Any liquidity crisis is caused by the promise of a government
bailout. Ken said [Actually this was Greg Mankiw, AT] that his many friends in investment banking said that
there is plenty of money to invest in financial services, but right now
it is "sitting on the sidelines." Why? Because the financial services
industry does not want to pay the terms required to get that money back
in circulation (e.g., give up equity). As he put it, why do business
with Warren Buffett who will negotiate a tough deal, if you believe
that the government will ride in soon with cheaper cash?
Ken [this is correct, AT] also talked about the need to shrink the financial services
sector. He thinks it is good that the investment banking houses are
failing and many people on Wall Street are losing their jobs because,
in his view, we have an oversupply in that sector and our economy just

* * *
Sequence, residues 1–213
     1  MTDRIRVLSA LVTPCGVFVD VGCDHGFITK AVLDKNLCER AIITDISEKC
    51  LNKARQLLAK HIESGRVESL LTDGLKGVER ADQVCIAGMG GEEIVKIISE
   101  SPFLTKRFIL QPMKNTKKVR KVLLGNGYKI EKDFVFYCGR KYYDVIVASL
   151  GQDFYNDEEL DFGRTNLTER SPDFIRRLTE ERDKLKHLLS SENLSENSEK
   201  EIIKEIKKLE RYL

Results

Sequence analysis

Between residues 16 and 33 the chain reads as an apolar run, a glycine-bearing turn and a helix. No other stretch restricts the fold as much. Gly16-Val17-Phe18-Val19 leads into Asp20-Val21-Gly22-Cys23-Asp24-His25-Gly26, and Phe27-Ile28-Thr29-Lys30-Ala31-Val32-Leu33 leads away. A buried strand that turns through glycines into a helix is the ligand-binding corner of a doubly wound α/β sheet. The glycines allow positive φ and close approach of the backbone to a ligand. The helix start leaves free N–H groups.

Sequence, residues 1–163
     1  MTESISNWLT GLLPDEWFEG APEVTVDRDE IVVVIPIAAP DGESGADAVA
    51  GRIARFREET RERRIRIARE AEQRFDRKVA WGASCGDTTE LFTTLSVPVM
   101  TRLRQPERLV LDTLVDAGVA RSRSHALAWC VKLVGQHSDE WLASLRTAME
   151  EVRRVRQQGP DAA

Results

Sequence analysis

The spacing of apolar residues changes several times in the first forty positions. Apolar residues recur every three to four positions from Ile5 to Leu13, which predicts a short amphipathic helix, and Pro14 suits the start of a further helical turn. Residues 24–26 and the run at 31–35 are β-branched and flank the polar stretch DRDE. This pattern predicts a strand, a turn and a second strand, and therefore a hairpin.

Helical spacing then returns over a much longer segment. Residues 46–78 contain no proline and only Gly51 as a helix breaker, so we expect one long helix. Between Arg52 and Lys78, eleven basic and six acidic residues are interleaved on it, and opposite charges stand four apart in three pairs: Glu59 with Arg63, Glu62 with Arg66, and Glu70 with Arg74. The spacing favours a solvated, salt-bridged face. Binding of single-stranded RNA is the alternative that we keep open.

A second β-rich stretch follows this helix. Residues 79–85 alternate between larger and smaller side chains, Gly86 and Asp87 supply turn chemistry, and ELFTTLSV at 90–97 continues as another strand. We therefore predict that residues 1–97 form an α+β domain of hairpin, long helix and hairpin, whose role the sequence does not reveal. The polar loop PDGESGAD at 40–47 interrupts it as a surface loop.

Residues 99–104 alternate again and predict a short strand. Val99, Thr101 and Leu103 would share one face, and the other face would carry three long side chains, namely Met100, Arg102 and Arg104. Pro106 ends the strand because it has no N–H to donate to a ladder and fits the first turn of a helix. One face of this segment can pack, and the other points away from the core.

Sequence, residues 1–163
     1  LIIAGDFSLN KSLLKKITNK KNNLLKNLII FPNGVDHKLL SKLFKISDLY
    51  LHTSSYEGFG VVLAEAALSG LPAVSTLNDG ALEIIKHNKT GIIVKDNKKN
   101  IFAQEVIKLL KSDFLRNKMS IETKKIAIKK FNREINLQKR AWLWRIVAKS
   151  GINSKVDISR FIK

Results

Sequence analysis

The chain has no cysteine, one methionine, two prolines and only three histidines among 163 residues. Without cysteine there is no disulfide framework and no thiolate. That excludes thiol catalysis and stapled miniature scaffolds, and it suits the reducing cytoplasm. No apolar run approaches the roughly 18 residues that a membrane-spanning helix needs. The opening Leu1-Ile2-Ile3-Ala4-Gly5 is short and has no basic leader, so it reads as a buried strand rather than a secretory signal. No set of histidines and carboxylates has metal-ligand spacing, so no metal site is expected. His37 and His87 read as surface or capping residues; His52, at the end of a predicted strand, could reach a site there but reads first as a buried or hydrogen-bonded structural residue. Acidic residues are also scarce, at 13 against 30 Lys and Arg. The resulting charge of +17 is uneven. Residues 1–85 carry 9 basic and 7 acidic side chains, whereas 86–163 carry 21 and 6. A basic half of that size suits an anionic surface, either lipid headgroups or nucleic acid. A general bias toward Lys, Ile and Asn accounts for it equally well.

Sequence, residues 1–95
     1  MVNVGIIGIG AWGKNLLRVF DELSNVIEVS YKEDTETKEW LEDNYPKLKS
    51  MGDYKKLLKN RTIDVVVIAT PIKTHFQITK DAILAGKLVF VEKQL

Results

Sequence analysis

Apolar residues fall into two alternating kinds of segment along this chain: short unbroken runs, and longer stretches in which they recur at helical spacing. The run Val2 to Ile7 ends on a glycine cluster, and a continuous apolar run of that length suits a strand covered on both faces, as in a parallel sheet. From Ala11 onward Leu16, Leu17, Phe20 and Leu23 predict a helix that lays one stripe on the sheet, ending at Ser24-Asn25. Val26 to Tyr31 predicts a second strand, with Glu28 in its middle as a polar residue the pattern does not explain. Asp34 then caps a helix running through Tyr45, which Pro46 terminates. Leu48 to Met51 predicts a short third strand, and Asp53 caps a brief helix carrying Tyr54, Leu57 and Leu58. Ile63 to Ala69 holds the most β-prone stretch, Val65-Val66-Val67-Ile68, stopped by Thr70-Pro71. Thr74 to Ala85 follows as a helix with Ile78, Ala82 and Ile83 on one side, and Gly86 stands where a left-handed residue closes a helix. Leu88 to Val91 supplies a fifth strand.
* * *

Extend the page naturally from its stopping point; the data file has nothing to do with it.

can’t support it.
Ken’s background with the IMF and on the Board of the Federal
Reserve add a certain credibility to his assessment of conditions on
Wall Street. If he is right, the $700 bailout is saving some
investment bankers’ jobs in the short term, but overall it is just
making the financial system worse.
In a related point Felix Salmon suggests that the Ted Spread may not be a valid measure of distress when the Fed is providing lots of liqudity.
…if you’re a bank, you really neither want nor need three-month
interbank funding right now. Global central banks, led by the Federal
Reserve, have flooded the system with so much overnight liquidity that
you can get as much cash as you need, at a much lower interest rate,
directly from your central bank, overnight. The choice between that and
locking in a high interest rate for three months is a no-brainer.